Sunday, 12 November 2017

The Weeping Window

During the summer of 2017 a rather unusual and striking artistic feature came to Derby. A large, multi-pieced imaginative work depicting one assumes, the tragic loss of war. The Weeping Window was a touring exhibit created by the artist Paul Cummins and the designer Tom Piper, other locations besides Derby were Cardiff, Belfast and Hull. Their other creation the Poppy Wave, visited Southend on Sea and Plymouth.

The display consisted of several thousand ceramic poppies, all were formally part of the exhibit at the Tower of London. There streaming from an upper floor window, millions of poppies flooded the now dry moat, each poppy representing one single British life that was lost in the 1914 to 1918 conflict. The exhibit was installed at the Derby Industrial Museum in the Old Silk Mill, itself an historic factory site and place of the very first industrial strike in history. Today the factory green is overlooked by a modern statue of the Bonnie Prince, Charles Edward Stewart.

Now in November 2017 we look back on the horror of this Great War, with confused and often contrary emotions. We look forward to the centenary of that conflict and find ourselves asking many deep, searching and disquieting questions. Why did it happen? How did a continent and then the world, slip into such turmoil? Was it necessary and could it have ended sooner? These questions have been asked by historians, amateur and professional for decades. These questions have been the source and subject, of much scholarly conflict, less bloody but still often vitriolic.

Millions of people, mainly young men went to war. From the Atlantic coast of Ireland to the Pacific Coast of Australia and almost everywhere in between. Millions sacrificed their lives in a European war, that became a global conflict; wastefully, needlessly and often horribly. I offer no opinion on who was in the right and who was in the wrong, during that shameful and costly conflict, because there was no right or wrong. All the major powers of the time have blame, all the major powers of the time share responsibility.

All those who fought in battle or toiled on the home front, all those that died, did so for their country. Whether they fought and died for their king, their emperor or their president is unimportant now. They all fought because they thought it was the right thing to do and they all thought that they were in the right. Discussions of who was and was not in the right are now, as futile as the war itself. It is better to remember that people died.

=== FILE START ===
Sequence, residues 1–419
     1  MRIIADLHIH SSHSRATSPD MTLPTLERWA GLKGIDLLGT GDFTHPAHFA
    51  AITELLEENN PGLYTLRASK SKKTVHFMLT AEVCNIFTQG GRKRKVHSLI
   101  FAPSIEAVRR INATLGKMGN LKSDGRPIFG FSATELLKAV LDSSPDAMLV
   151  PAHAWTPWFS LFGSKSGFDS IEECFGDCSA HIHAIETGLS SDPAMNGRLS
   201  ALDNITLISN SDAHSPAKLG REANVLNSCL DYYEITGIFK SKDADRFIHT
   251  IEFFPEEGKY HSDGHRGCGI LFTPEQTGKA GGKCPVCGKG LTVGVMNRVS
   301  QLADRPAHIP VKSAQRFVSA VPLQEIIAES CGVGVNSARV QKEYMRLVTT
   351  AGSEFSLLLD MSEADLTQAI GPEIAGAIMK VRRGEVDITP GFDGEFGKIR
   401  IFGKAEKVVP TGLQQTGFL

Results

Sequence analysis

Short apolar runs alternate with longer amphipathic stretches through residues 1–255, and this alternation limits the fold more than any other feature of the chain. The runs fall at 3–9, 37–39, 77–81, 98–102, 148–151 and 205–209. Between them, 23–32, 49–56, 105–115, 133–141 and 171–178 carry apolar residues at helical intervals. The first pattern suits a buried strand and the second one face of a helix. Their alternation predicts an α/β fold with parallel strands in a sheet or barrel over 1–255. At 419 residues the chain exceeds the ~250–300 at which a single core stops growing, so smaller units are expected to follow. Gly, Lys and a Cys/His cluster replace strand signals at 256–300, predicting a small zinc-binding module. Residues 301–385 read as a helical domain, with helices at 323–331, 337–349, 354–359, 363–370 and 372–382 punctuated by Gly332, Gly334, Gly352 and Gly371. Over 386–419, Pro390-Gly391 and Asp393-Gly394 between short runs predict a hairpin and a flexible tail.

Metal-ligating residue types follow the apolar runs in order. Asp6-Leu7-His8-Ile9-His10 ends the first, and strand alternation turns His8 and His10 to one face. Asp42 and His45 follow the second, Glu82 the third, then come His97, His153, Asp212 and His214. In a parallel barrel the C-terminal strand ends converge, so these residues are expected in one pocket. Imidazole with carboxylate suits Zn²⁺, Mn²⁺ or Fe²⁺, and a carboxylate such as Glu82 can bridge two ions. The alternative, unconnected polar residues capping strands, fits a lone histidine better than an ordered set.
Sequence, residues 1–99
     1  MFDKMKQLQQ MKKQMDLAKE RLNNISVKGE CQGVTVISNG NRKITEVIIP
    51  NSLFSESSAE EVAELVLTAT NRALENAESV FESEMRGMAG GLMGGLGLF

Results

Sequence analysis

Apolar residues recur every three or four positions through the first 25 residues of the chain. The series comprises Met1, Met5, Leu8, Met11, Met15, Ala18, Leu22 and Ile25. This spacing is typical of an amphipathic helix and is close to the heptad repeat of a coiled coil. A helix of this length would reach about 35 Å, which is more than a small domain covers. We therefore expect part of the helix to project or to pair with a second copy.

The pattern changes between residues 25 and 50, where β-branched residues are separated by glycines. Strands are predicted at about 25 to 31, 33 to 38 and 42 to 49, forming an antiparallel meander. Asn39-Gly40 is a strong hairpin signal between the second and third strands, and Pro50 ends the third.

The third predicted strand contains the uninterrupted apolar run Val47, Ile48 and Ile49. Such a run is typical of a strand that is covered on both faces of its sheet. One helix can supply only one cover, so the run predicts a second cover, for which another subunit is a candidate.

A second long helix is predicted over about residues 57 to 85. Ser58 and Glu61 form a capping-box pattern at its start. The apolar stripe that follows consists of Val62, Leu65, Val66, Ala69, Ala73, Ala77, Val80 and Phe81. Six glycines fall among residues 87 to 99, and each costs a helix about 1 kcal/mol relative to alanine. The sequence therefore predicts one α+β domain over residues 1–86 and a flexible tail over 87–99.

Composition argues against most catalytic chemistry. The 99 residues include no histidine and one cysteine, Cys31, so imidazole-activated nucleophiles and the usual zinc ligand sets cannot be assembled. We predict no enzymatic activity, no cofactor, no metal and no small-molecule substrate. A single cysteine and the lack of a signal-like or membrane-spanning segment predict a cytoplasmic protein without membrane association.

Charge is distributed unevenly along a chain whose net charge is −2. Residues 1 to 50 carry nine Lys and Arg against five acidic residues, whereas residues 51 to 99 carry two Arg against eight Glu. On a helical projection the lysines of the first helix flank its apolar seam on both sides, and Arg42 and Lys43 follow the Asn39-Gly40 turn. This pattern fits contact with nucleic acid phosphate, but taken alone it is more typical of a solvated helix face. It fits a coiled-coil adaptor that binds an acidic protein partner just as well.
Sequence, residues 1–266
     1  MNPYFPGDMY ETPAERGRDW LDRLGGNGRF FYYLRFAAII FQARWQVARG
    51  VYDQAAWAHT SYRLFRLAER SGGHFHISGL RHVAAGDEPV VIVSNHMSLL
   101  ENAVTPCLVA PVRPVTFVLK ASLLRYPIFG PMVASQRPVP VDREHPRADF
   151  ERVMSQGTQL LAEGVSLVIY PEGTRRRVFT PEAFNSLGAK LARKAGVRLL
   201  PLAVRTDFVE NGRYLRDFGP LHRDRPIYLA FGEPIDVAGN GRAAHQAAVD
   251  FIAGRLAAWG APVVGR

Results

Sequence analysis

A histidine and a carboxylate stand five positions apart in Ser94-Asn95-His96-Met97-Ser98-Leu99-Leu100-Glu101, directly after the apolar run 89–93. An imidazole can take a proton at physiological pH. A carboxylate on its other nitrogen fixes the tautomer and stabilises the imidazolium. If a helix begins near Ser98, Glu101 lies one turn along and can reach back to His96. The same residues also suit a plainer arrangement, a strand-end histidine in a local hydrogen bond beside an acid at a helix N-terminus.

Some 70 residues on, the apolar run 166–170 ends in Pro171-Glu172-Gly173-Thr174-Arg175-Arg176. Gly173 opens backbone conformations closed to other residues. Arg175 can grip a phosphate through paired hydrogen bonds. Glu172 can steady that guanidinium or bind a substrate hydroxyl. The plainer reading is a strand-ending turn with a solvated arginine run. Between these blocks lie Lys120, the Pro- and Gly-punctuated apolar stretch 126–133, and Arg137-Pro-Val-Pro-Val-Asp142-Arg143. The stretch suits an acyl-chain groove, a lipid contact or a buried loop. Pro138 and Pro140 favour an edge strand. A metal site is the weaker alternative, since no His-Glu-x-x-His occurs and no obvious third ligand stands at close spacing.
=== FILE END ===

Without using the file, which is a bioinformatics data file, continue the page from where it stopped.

We find ourselves facing the equally vexing question of how to mark the events of that war as each centenary passes. Do we celebrate, commemorate or mourn each battle, each skirmish and each death? How can we mark such events without glorifying the conflict and the tangled causes of the war?

Debates on the colour of the right poppy to be worn continue and they are often as aggressive, as the scholarly debates pertaining to the war itself. Does a red poppy glorify conflict? Is a white poppy disrespectful? To ask these questions is to perhaps misunderstand the reasons for wearing either. A red poppy should be worn with pride. A red poppy should be worn to show respect for those who die in conflict, to mourn them and to honour their memory. A white poppy should be worn not to insult the dead but to show how shamed we are, that such conflicts happen.

Harry Patch who was briefly the oldest man in Europe and the last surviving combat soldier of that first global conflict from any country; famously left us with a haunting quote. “War is organised murder and nothing else.” At the end of conflict in 1918, many a general and many a politician, should have faced the hangman but they did not. It was they who got away with murder.

Wear whatever colour poppy you want, wear them both together if you have to but remember. Remember the dead, remember the cost of war. Light a candle, say a prayer, set aside a moment of silence but most of all, remember.

Harry Patch biography:

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